Elitist arrogance was on clear display during the attempt to sneak the massive Bicycle Plan---a 500-page combination manifesto and Bicycle Coalition wish list---through the political/legal process without the environmental study required by law. 

The howls of outrage after the injunction came down are evidence of this arrogance: Why should we be subject to the same laws as everyone else? We don't burn fossil fuel! Bikes are Good and Cars are Bad! What else do you need to know?

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Message from another know-nothing "progressive"

Isabel Wade contributes her ignorance and incomprehension to the dialogue (below). Thanks for sharing, Isabel.

The notion that I single-handedly convinced Judge Warren, who I've never spoken with, "to shut down city bike development" is ludicrous, though a flattering estimate of my powers of persuasion. In fact, Judge Warren was persuaded by the facts and the law to issue an injunction until the hearing in September. The Bicycle Plan was just as poorly thought out as Wade's letter. 

Even worse, the city was implementing the Plan, street by street, as the case was being litigated, which, without the injunction, would have rendered our case more or less moot by the time the actual hearing takes place.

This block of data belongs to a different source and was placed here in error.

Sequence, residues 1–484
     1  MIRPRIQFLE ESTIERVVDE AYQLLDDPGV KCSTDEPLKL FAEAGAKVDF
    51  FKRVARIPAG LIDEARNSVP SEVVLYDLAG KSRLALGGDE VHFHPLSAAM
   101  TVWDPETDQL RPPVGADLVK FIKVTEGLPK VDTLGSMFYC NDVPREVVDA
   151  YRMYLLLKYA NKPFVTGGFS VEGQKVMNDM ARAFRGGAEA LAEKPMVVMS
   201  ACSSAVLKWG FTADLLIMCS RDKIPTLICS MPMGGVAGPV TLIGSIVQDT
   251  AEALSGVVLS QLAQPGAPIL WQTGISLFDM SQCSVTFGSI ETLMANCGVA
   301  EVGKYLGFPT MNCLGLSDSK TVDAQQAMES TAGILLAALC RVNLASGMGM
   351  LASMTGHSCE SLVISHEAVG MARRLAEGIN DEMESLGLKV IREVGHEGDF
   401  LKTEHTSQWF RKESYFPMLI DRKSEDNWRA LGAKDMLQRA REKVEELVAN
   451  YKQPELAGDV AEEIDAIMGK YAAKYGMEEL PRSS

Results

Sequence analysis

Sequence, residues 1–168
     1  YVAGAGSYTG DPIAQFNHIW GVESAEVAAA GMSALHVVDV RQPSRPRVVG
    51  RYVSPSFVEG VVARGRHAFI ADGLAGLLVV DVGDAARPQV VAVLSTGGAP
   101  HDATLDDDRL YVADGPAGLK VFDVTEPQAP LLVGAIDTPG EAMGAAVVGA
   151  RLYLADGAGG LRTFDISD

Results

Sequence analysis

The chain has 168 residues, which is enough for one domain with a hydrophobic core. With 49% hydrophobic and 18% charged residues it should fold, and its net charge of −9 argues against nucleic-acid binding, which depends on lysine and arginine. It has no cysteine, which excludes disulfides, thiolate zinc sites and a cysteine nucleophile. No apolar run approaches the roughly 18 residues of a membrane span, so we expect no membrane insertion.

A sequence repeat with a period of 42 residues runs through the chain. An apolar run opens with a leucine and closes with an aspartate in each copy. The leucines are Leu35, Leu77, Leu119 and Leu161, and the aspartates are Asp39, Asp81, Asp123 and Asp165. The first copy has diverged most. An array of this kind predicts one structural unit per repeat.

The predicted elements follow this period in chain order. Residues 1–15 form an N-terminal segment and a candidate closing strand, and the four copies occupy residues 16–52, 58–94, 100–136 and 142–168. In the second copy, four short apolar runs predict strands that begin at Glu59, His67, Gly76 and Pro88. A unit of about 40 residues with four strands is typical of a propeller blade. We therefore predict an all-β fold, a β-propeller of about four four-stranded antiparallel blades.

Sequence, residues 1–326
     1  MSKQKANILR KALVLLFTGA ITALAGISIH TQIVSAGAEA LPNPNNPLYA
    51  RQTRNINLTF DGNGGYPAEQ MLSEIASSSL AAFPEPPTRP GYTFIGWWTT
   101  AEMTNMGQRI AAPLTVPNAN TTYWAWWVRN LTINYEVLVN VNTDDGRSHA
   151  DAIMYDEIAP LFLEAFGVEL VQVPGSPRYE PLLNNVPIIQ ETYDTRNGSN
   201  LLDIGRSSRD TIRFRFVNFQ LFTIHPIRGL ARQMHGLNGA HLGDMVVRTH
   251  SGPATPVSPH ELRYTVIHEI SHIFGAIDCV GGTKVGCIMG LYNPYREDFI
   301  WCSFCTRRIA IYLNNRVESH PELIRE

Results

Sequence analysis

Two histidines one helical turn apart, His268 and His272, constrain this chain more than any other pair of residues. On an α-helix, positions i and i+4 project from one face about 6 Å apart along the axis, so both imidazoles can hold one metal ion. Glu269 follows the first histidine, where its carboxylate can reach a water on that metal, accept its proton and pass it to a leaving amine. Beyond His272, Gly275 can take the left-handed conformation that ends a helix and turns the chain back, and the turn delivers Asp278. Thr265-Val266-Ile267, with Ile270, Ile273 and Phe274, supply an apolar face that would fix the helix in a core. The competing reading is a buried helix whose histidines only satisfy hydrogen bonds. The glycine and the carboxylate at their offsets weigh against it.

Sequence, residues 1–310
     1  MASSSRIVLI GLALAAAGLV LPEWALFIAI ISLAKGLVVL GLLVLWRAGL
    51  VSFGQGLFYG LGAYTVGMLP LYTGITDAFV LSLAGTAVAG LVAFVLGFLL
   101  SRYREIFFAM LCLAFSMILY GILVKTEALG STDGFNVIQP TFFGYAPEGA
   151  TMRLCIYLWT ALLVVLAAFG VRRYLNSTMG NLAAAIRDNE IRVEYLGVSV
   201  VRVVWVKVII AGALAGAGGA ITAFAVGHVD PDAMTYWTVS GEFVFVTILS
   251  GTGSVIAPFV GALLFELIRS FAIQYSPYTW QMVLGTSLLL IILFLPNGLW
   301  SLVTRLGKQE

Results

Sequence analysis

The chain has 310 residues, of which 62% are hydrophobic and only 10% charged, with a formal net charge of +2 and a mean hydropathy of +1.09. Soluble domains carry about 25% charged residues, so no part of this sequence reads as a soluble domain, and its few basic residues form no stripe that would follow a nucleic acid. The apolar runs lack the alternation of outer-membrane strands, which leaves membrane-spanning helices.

Note, however, Wade's complete acceptance of BikeThink with the assumption that people who ride bikes in SF aren't just choosing a rather risky means of transportation, they are also fighting cancer and global warming! 

Note too Wade's total failure to come to grips with any specifics of either the city's obligations under CEQA or the Bicycle Plan itself, which I bet she hasn't read. This obsession with bikes is really more like a religious faith than about a reality-based transportation "mode."

WHERE'S THE EIR ON CARS? (Letter to SF Bay Guardian, July 19):

It's a shame that Rob Anderson has managed to persuade Judge Warren to shut down city bike development ["Good News and Bad News for Bicyclists," 6/28/06]. One man's antibike crusade is endangering well-thought-out plans to encourage bicycling in our city—plans that are increasingly relevant given the dangers that driving presents to us all. 

Burning gasoline may be convenient for the motorist, but it has inconvenient consequences: rising ocean levels; massive hurricanes and drought; the damage auto-related sprawl has done to our communities; and pollution-linked asthma, cancer and other health threats. Who did the environmental impact report on the automobile?

I hope that the court will see through the claims that the bike plan is in violation of environmental laws. Let the city get on with the Blue Greenway and other vital projects for putting people on our streets instead of cars. Biking is good for the heart—and the heart of our city.

Isabel Wade
Executive director
San Francisco Neighborhood Parks Council